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Rheumatology

This is tissue paper. It is different from connective tissue. For instance, treatments for sarcoidosis (a connective tissue disorder) are unlikely to work with disorders of tissue paper (e.g tearing). It would probably be a waste of NHS resources as well.

Joint disorders

If you only learn about two things in rheumatology (which you probably will), do: Rheumatoid arthritis and osteoarthritis. These are by far the most important conditions in rheumatology, and can cause back pain, a common complaint. There are a whole host of types of inflammatory arthritis, so you should probably have a wee look at them too!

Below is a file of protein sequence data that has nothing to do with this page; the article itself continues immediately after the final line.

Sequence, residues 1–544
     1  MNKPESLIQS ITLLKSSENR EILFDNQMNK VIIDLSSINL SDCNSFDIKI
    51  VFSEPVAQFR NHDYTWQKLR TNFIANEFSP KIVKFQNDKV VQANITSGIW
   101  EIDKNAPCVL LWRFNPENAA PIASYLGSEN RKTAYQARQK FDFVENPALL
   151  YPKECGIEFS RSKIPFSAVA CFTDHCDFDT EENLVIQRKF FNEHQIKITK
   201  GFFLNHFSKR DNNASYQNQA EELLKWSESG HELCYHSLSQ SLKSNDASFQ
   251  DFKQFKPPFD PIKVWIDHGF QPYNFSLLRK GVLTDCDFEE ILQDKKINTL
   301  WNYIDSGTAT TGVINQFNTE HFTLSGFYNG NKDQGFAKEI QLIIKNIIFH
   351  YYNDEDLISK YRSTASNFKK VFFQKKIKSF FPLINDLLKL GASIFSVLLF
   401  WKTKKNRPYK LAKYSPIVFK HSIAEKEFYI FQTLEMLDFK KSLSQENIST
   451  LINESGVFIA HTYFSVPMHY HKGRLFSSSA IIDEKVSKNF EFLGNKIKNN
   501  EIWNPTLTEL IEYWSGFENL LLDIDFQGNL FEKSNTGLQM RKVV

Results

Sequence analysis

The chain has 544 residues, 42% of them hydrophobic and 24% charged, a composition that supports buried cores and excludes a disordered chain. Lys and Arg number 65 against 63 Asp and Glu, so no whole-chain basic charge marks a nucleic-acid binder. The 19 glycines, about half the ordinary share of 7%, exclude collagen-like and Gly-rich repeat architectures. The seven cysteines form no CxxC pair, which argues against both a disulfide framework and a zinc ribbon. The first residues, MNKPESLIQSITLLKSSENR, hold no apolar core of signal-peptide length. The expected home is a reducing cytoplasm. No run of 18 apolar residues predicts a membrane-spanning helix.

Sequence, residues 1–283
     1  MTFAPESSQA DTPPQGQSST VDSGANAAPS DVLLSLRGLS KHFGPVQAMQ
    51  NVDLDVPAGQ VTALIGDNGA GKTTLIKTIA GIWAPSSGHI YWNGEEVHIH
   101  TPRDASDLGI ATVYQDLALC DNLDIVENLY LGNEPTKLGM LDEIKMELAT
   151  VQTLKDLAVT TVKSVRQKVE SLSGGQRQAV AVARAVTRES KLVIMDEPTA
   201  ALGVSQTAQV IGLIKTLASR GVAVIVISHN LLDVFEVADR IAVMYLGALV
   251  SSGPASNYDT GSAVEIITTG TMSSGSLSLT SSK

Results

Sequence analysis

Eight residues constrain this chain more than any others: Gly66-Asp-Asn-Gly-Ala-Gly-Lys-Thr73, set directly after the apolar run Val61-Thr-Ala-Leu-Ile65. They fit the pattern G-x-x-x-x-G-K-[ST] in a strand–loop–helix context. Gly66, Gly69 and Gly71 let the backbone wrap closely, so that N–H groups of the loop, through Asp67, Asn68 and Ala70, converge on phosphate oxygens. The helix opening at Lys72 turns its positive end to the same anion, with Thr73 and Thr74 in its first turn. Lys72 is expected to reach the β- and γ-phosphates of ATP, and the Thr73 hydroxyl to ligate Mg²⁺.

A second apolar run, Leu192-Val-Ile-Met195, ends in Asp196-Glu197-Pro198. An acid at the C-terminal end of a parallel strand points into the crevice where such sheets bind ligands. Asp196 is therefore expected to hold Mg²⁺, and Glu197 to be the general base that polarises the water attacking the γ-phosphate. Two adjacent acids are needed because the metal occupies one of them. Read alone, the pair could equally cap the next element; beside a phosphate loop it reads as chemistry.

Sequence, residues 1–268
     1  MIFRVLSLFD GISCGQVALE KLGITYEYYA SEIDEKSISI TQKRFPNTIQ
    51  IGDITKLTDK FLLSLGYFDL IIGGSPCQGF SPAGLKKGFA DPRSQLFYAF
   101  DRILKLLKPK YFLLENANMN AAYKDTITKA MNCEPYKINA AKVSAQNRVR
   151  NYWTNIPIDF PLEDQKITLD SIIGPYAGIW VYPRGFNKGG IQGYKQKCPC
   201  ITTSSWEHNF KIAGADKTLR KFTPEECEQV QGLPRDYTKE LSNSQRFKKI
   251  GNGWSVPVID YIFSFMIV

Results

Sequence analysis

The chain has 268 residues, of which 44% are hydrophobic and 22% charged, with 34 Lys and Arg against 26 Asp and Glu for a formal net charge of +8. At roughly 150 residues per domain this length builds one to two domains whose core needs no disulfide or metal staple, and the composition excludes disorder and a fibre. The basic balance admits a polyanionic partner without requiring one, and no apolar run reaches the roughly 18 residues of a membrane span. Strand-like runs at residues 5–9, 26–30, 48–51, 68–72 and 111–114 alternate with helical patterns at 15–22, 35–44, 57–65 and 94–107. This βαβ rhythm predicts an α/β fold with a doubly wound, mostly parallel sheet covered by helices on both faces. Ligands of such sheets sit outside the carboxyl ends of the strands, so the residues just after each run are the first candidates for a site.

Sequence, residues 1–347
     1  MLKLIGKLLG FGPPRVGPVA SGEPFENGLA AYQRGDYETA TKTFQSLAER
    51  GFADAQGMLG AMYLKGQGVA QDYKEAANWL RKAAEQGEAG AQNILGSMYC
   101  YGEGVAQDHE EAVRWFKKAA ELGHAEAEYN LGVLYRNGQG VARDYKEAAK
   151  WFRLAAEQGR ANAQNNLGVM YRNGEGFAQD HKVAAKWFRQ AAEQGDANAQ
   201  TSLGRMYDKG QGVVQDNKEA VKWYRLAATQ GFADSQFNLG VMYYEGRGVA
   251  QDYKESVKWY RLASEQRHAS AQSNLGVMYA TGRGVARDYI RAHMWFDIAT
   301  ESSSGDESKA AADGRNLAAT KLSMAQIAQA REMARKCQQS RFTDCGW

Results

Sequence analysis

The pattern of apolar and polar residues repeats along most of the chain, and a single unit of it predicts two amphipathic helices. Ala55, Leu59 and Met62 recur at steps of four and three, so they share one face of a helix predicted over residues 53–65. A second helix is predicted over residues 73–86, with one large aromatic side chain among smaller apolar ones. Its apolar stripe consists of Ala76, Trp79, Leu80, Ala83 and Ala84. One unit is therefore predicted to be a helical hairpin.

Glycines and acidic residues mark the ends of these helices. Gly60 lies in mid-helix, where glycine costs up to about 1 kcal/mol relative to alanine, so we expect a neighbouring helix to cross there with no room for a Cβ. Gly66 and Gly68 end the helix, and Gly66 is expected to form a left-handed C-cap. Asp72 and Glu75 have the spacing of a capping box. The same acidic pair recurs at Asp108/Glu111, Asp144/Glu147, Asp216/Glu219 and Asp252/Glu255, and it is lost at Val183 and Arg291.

Other things that bother rheumatologists are gout and pseudogout. Septic arthritis is important as it is an infection of the joint. Finally, the spondyloarthropathies are a group of not particularly fun conditions.

Connective tissue diseases

So let's get it out of the way systemic lupus erythematosus (SLE), lupus or magic House disease is a connective tissue disease. Sarcoidosis is another connective tissue disease which, much like magic House disease, has approximately 250,473 different clinical features. Finally, systemic sclerosis, which consists of scleroderma and vasculitis is an inflammation of blood vessels (which are kind of connective tissue. Kind of.

Muscle disorders

Polymyositis and dermatomyositis are forms of muscle inflammation. Fibromyalgia is a chronic pain syndrome, usually a diagnosis of exclusion. Polymyalgia rheumatica (PMR) is a chronic form of muscle inflammation, also a diagnosis of exclusion.